Skinner shared this "aversion to free will, to homunculi, to dualism" proving that a person's will is determined by the environmental interactions that control his behavior... He went so far as to suggest an ideal social environment (Skinner, 1948), controlled by behaviouristic principles and learning incentives in the hope of reducing the injustice brought about by the schizoid split between body and mind; between what we do and our will; between applicable rights and theoretic responsibilities. "The mind" he said, "is not empty, and it cannot be adequately treated simply as a black box" (Killeen, p.233).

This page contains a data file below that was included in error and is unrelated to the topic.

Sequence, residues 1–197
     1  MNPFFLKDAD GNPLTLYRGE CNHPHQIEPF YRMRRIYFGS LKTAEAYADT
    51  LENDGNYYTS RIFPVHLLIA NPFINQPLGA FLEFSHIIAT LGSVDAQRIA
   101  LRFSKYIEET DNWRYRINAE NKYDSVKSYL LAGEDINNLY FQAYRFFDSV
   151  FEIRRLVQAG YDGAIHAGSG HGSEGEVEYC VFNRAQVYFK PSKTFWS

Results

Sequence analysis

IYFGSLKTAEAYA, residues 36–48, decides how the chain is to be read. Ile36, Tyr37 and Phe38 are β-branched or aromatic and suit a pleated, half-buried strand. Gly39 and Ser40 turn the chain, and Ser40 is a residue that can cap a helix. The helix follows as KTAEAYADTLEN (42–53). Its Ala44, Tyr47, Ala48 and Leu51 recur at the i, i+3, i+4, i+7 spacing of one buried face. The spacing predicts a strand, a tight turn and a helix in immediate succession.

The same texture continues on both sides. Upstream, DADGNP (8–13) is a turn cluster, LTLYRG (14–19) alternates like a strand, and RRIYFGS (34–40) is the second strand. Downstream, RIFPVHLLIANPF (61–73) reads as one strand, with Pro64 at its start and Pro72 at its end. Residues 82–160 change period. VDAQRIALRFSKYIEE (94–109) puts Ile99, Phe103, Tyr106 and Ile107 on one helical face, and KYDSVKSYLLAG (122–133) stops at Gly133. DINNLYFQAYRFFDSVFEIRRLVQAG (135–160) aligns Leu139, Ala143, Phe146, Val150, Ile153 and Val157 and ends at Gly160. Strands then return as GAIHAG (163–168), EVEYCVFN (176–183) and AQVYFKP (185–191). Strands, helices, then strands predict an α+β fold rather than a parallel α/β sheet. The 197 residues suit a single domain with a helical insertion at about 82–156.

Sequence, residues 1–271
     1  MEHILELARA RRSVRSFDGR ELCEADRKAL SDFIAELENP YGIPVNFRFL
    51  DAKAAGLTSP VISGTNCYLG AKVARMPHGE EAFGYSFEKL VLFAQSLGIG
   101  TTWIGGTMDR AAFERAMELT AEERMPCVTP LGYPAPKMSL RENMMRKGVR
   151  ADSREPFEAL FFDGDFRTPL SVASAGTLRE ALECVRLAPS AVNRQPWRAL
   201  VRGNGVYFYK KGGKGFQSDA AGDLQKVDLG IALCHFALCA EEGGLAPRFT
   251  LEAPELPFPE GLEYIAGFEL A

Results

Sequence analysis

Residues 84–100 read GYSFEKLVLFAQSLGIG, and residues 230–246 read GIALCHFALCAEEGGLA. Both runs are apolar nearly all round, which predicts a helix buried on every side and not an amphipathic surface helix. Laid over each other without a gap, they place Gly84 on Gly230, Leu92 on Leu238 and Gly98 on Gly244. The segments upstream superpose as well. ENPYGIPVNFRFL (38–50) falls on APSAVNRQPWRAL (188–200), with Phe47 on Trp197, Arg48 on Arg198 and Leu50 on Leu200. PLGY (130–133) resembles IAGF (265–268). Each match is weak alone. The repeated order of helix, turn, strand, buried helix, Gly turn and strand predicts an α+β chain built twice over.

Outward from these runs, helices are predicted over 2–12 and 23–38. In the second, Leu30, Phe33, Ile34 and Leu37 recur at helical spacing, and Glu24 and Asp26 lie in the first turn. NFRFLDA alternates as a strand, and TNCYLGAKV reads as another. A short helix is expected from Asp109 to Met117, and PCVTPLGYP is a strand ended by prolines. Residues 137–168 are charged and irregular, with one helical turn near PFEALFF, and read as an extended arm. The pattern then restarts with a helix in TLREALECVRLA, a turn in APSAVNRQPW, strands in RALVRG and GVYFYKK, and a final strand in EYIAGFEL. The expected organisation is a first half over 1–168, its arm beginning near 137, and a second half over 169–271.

Neuroscience goes beyond traditional behaviourism and describes the cognitive, inside-the-box mechanisms, with an enormous collection of experimental data of information-processing mechanisms (Stich, 1984 p. 649). The recent development of machines that "think" proves that functional programming of digital computers is possible, confirming what Hobbes described, back in 1651 in his Introduction to Leviathan, as the mechanistic principle of reasoning "... that is nothing more than reckoning; that is adding and subtracting, the consequent names agreed upon for the marking and signifying of our thoughts" (p. 49).